Casey Delacoa has addressed the “difficult” decision to cancel the WTA and ATP

Former Australian tennis pro Casey Delacoa has addressed the WTA and ATP’s “tough” decision to scrap ranking points at this year’s Wimbledon Championships.

Tennis regulators announced a joint ruling on Friday in response to the All England Club’s blanket ban on players from Russia and Belarus following the Ukraine attack – which would see no player earn points in their singles rankings at Wimbledon.

Talking about Nine Sports SundayDellecqua – who now works in tennis Australia – explains how the absence of a ranking point can punish some players.

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“This is a difficult reason because there are probably a lot of players who will consult the tour, but there will be a lot of players who will not be happy with this decision because they are really going to play at Wimbledon. Not for the dignity and ranking points of playing at Wimbledon,” he said.

“Ranking points determine a player’s whereabouts, where they are going, how they will advance to the next tournament, and perhaps where they have been selected.

“It will affect someone like Novak (Djokovic) … Novak, for example, the defending champion, will lose 2000 points and it will probably affect his world No. 1 ranking.

“There’s a lot to play.”

Another player who will be severely affected by the points ban will include Australia’s highest-ranked female Azla Tomljanovic.

After working hard to achieve a career-high ranking of 38 earlier this year, Tomljanovich worries that deleting points could result in him falling behind in the rankings.

“I don’t think they will carry the points earned from 2021, they will be deleted and then you will not have a chance to defend your points. I think it is very unfair,” he told AAP.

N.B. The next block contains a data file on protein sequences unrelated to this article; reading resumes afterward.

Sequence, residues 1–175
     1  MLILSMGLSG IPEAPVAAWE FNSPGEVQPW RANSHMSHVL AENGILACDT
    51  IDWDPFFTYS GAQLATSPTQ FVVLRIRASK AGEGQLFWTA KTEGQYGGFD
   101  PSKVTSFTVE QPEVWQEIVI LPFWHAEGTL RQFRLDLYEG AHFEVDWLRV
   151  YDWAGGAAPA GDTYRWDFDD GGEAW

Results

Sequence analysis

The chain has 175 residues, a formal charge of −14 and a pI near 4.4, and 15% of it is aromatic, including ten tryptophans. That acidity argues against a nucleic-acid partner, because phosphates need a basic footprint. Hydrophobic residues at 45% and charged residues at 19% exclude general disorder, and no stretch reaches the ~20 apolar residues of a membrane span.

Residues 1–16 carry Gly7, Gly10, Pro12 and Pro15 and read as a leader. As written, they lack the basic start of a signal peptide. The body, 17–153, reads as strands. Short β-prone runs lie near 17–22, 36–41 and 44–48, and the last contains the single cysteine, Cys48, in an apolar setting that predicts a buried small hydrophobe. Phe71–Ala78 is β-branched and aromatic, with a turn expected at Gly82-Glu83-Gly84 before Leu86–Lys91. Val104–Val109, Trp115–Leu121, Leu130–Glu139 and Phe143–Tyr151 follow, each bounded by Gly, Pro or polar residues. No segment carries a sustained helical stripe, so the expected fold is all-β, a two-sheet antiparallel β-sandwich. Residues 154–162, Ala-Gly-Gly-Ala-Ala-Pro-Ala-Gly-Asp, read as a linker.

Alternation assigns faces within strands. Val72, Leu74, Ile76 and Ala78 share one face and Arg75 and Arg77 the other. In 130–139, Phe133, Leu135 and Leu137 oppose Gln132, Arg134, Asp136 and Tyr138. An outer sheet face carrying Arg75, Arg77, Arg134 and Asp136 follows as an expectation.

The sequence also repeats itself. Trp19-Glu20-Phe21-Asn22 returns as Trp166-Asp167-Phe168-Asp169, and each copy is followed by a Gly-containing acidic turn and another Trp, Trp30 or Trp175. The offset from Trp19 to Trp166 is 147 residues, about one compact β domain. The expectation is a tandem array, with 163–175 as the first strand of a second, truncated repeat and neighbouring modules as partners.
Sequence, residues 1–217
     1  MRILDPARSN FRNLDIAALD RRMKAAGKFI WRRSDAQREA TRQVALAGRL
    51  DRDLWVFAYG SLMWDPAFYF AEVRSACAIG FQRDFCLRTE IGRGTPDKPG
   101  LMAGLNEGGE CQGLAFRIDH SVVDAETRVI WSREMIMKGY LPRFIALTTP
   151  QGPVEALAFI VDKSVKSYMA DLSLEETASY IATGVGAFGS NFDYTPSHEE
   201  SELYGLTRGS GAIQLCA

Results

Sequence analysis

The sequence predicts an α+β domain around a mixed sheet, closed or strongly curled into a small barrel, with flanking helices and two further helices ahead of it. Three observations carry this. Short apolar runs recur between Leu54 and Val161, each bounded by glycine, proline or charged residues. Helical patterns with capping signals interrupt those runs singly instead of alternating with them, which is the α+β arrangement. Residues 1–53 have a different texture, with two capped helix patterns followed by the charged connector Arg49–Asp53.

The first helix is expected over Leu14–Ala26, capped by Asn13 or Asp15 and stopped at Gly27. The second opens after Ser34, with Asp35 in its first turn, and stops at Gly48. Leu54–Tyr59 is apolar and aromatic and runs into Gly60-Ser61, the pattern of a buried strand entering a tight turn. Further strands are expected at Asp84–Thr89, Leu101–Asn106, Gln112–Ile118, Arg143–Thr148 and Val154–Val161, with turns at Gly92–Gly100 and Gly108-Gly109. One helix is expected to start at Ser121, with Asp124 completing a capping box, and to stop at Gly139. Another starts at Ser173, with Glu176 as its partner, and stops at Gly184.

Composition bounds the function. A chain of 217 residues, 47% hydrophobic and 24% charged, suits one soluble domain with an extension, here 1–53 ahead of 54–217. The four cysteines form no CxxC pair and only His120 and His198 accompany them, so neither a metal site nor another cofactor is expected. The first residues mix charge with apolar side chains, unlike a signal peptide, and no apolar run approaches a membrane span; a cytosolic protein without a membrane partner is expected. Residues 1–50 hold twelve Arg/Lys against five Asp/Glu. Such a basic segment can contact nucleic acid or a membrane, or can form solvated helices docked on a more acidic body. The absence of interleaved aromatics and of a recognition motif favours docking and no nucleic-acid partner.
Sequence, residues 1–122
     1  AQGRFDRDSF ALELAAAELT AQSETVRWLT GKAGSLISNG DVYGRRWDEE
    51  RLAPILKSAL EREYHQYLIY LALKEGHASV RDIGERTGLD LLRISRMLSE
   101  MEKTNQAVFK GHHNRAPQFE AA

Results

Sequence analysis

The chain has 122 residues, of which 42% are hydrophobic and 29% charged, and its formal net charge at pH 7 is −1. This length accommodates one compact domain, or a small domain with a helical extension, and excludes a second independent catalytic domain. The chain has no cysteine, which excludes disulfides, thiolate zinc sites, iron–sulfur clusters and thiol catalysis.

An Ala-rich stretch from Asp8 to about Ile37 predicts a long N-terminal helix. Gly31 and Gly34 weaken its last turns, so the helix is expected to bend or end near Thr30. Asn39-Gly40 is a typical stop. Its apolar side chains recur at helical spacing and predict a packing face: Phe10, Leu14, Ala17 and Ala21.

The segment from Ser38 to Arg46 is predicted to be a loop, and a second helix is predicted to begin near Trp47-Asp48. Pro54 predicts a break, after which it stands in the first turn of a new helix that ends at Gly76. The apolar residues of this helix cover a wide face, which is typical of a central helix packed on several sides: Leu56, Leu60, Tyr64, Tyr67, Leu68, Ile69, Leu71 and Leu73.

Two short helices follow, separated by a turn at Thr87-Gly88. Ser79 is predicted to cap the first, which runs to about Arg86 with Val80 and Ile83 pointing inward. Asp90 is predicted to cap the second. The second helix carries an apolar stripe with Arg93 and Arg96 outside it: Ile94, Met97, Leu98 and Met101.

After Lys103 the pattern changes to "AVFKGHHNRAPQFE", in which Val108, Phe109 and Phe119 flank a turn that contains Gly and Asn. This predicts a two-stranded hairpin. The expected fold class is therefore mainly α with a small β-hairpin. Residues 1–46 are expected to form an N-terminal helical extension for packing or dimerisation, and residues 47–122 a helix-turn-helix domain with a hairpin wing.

“It would be weird to go to Wimbledon where no points are offered.”

Tomljanovic is currently ranked 42nd in the WTA live standings, but according to current estimates, he could drop to 85th.

The 29-year-old reached the Wimbledon quarterfinals in his career-best performance last year as he beat Emma Radukanu, Britain’s US Open champion, to a career-high 430 points.

His total live points are 1216 – more than a third of his share in his previous game at Wimbledon.

Despite the injury, Tomljanovic is adamant he will never boycott a point-free Wimbledon.

“Sometimes something unfair happens and you just have to punch,” he said.

“I will not miss it for the world.

“Wimbledon is Wimbledon – and if you win it and don’t get any points, you must accept it.

“But I’m definitely going to be one of the younger players who’s really going to be affected – but it’s out of my control, so I have to try to do it well regardless.”

With more than a month to go before the world’s oldest slam starts on June 27, Delacoa said it was still possible to agree on a new arrangement.

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“Everyone is still in talks with each other, so the tours are still in talks with Wimbledon,” he said.

For now, however, the tennis world’s focus is on the Roland-Garros competition, which starts every Sunday night. No restrictions are being imposed for the event and full ranking points will be offered.

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